Monday, October 17, 2016

Adirondack Lean-to project; another good days work

Although a little warmer than I normally like it for log work, it was none-the-less a good day to get some more work done.

Using rollers to move the log, and ramps to get it up on the platform I was able to get my next long log up before company arrived.

I was able to use the notch on one end that was already on the log, but I had had to cut the other end shorter than the original log, so I had to make one crown notch on this log at this closest end. (That's why it looks so uneven in this photo, not notched yet.)
 Here it is notched, and you can really see how this log differed in width from one end to the other.
It also shows how you need to stagger your wider and narrower logs all the way up to keep your logs as close to level as you can.
I other words; you can't have all thick logs on one side and all thin logs on the other.
 On the cabin this top log came from it was the top log that the joist plate rested on.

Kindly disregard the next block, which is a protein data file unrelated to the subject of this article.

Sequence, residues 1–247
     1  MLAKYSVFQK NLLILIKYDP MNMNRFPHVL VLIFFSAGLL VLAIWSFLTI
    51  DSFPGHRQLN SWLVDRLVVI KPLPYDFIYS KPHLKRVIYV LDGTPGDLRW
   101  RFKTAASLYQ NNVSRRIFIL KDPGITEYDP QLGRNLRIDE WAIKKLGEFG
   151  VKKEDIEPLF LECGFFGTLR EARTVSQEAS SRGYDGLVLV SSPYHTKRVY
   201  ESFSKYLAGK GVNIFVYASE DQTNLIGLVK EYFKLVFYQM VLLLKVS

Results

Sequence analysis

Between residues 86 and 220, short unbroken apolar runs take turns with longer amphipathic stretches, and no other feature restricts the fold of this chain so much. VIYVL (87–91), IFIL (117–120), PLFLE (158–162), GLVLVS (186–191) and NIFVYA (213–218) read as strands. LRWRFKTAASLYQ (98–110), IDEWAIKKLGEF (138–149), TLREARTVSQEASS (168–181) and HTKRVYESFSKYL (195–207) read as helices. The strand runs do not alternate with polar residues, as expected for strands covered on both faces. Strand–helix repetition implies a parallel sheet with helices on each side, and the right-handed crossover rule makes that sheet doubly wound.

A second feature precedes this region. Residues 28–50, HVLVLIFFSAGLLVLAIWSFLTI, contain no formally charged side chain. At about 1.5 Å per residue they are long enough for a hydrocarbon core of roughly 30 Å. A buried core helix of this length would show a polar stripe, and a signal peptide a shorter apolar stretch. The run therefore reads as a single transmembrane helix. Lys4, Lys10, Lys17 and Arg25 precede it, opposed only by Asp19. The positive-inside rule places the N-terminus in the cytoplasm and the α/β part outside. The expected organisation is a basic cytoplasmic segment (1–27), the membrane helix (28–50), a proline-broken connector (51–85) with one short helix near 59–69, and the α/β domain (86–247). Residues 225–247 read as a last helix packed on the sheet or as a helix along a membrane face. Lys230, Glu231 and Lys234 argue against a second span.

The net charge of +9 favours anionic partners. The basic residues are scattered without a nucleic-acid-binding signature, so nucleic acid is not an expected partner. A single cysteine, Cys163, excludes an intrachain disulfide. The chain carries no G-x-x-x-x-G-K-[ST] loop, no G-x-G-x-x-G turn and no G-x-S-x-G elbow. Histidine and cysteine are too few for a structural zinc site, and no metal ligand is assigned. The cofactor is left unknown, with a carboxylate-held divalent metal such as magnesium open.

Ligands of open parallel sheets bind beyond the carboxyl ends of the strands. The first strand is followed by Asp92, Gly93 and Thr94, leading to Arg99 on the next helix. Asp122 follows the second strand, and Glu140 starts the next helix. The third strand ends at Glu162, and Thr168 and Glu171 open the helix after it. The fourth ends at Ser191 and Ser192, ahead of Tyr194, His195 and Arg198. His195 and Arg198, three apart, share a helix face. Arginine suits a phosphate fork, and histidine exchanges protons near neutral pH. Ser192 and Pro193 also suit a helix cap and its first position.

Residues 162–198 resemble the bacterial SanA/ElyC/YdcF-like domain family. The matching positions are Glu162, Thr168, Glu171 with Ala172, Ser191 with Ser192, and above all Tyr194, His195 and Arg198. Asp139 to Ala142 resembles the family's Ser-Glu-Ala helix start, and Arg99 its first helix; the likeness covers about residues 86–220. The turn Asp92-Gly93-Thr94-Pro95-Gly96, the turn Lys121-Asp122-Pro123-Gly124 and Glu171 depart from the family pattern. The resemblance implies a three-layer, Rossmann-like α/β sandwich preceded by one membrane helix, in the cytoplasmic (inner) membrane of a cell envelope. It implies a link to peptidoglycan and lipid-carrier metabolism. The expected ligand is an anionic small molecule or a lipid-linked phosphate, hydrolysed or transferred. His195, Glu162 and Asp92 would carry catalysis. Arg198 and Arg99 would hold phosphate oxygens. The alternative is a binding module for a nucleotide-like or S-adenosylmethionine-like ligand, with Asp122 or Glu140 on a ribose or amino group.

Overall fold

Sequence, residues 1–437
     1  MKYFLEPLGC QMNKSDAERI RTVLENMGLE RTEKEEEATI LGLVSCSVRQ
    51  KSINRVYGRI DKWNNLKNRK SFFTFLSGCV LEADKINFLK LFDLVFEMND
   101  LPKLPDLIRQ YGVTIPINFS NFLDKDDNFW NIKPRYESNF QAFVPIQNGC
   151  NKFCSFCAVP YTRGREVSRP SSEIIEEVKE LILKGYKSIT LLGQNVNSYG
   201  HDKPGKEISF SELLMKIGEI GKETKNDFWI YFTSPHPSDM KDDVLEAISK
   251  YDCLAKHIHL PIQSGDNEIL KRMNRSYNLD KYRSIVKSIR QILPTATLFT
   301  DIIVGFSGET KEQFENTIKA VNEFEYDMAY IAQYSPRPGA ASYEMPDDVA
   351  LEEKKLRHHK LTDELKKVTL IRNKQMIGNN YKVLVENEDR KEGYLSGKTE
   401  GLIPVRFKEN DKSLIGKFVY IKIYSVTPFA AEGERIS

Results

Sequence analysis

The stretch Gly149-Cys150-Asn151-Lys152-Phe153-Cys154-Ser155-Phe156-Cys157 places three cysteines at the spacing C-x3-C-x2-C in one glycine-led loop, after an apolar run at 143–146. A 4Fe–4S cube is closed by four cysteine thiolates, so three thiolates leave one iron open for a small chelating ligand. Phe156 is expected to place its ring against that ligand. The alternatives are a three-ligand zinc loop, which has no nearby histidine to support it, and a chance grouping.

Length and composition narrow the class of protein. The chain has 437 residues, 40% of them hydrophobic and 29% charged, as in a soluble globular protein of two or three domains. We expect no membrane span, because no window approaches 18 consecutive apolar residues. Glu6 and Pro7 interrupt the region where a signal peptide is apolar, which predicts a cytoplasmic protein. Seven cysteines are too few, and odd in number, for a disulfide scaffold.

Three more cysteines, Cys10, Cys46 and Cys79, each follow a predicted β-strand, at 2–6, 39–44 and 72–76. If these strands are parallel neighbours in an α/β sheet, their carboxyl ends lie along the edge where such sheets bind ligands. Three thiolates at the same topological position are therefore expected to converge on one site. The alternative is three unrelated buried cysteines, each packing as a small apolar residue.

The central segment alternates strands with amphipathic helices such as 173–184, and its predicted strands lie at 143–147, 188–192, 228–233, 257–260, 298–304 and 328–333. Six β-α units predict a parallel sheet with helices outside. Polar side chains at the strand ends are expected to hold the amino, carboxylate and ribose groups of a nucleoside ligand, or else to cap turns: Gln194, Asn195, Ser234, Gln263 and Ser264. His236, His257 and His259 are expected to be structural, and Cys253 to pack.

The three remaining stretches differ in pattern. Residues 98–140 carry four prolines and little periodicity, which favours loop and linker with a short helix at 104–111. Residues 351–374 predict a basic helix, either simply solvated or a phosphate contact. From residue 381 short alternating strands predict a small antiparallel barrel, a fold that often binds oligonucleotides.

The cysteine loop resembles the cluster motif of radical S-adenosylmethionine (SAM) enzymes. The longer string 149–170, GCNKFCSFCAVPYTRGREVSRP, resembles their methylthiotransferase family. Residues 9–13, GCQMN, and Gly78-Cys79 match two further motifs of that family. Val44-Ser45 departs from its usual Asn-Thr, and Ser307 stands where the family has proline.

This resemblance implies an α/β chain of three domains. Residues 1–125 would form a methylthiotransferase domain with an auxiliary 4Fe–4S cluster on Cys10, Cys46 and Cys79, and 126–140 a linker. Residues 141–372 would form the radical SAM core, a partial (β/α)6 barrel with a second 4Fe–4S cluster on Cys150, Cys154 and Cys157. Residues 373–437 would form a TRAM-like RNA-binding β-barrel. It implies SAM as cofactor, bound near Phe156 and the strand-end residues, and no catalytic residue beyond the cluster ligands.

You can tell that in two ways.
The notch on top is not a crown notch, but rather a more complicated one that would keep the plate log from sliding off.
Secondly you can see that the end of the log sticks over the log below it about four inches.
That was to allow the plate log to stick out a bit and give better rain run-off off of the roof. A slight cantilever.
 Just by eye so far, not to far off level.
 Here that log is now notched on both ends, and while there is still a good gap by the tapering of the log, it is now not as great.
 Good friends John and Diane came out once again and this time John brought tools.
Some really nice old chisels and a wooden mallet.
Man did those chisels work well. Nice and sharp.
Made it a pleasure to use them.

Here is John heard at work using them.

 Taking shape.
 Finishing touches.
 He did one end and I did the other.

Here you can see how the middle log is much wider than the one above or below.
Staggering your widths.
 The other end.
 Close up.
 One thing about having friends come out while I work is that I actually end up in a couple photos now and then.
The nice tools John brought out.

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